For thousands of years indigenous communities have inhabited the Amazon rainforest living in an intimate connection with the natural world. “Life in the jungle was like living in paradise,” a Cofán elder recalls from his childhood memory. It was a life filled with wonder, freedom, reverence, and a beautiful expression of the Great Song of Life. But that song was about to change forever with the foreign sounds of helicopters, explosions of dynamite, chainsaws and heavy trucks cutting through the natural music, all in the hunt for oil.
PhotosHanna Witte, Frida Edlund and Mike Kollöffel
Before the oil companies arrived in the mid-1960s and started to bulldoze over northeastern Ecuador’s Amazon rainforest, there was an abundance of fresh water, fertile soil, aquatic life in the rivers and animals in the forest to hunt. The jungle is not only the indigenous Amazonian people’s ground of living and home, it is also their supermarket, their pharmacy, their university — it is their way of living a rich life. Today the cultural and physical survival of Indigenous Nations and the preservation of one of the world’s last natural treasures is at stake. Multinational corporations are plundering and burning it to death in order to feed the world’s addictive demand for oil.
In early 2014, almost fifty years after Texaco (now Chevron) began drilling the first oil well, I journeyed into the Amazon rainforest for the first time. We were there to bear witness to the biggest man-made environmental disaster in history and to listen to the stories of the people, the land and the silence in between. In many ways my first journey into the Amazon was a journey of presence, inside and outside. It was not about doing something, trying to fix things, thinking of solutions, not even trying to make sense of it all, but simply to be present, to bear witness, and to listen.
It was about waking up to both the brutal and beautiful reality I was honoured to enter and it was about the world it opened up within myself. It was about seeing beyond the obvious and allowing the beauty and the destruction, the abundance and the scarcity, the magic and the hardship, the joy and the pain, life and death to exist side by side. It was about holding space for the feelings, emotions and the inner stories that would arise as we learned about the vast contamination, the dying forest, the disappearing wildlife and the immense human suffering, all of which are testimony to reckless, profit-maximizing corporate behaviour deliberately polluting the precious ecosystem of the Amazon rainforest and turning it into a toxic wasteland. And, it was about the willingness to welcome it all with an open heart.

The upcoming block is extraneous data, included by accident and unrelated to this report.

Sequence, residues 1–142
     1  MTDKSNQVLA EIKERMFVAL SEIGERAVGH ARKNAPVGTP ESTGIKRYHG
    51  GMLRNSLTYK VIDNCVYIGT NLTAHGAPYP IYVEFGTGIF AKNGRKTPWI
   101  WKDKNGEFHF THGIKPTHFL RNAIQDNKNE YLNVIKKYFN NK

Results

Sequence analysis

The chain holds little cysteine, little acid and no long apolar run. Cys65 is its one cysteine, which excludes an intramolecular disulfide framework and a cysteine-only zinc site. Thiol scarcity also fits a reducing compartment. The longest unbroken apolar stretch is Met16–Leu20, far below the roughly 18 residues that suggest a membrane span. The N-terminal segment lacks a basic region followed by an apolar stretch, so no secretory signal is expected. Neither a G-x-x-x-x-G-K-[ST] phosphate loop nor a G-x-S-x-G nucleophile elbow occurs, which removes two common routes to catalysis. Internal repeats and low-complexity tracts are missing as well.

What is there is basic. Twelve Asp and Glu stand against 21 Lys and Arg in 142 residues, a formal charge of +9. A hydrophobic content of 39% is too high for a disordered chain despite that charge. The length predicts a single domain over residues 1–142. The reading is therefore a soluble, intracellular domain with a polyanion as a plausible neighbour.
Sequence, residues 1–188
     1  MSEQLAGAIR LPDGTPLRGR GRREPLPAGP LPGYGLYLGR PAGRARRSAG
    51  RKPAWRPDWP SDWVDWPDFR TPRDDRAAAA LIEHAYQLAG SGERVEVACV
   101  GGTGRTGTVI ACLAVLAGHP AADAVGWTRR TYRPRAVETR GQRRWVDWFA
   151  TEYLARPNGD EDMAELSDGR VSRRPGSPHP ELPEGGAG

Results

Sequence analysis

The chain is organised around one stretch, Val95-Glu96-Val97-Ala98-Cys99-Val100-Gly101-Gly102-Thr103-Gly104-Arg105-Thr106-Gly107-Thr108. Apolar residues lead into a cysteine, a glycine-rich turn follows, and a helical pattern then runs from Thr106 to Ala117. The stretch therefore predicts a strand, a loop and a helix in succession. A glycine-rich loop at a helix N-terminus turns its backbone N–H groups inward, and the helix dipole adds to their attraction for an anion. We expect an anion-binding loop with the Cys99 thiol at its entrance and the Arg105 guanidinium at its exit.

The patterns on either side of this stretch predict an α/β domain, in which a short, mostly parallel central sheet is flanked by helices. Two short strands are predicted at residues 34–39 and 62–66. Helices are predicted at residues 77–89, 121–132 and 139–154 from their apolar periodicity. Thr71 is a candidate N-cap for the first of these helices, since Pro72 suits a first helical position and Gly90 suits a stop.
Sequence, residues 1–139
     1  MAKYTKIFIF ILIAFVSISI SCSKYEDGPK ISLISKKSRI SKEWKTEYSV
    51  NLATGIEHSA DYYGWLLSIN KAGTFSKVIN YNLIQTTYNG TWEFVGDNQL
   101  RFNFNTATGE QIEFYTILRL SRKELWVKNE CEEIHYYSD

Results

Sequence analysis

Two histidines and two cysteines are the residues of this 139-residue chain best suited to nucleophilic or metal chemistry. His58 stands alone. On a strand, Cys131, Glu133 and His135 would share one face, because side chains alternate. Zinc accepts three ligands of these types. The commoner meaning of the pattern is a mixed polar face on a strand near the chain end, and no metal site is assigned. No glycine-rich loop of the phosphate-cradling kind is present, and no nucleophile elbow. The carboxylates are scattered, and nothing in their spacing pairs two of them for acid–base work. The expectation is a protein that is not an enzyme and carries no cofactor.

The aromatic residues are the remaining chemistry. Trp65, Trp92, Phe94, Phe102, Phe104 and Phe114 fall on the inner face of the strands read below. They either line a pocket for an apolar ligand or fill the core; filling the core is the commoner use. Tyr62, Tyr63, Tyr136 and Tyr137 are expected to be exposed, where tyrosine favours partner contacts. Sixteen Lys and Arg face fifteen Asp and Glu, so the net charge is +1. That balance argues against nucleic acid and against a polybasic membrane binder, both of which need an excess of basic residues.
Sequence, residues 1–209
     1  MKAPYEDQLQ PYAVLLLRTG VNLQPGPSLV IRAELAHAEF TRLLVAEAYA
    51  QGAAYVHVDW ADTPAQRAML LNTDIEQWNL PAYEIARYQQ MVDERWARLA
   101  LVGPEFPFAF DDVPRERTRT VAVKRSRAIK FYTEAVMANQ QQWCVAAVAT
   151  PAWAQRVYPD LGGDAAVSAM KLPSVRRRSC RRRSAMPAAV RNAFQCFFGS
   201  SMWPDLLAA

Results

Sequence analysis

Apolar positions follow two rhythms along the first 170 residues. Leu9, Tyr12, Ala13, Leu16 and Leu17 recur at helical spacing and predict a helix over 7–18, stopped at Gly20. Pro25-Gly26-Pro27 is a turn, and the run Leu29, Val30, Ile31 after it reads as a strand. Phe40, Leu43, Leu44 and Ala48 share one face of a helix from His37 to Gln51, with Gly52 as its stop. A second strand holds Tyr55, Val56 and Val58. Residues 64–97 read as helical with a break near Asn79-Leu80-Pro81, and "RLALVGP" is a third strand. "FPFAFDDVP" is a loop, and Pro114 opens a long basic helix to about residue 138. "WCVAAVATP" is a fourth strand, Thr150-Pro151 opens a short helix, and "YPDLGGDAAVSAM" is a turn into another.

From vision to action
On that journey I also learned about the vision of four indigenous peoples to have sustainable access to clean, safe and independent solar energy. Not just energy, but power to strengthen their self-determined movement for cultural survival and rainforest protection. Power to tell their stories in their own voice and to defend their life, culture and ancestral homeland. Power to free themselves from the necessity to buy dirty fuel that carries the blood of their people (to use generators for lighting and basic electrical appliances) from the very companies that are threatening their survival and destroying their territories. Power to create hopeful alternatives and economic opportunities that are in harmony with their way of life and the protection of their home. It was a vision in which we work together and use the crisis of environmental degradation, resource plundering, and social injustice to create something that puts the technological achievements of our time in service of life instead of destroying it.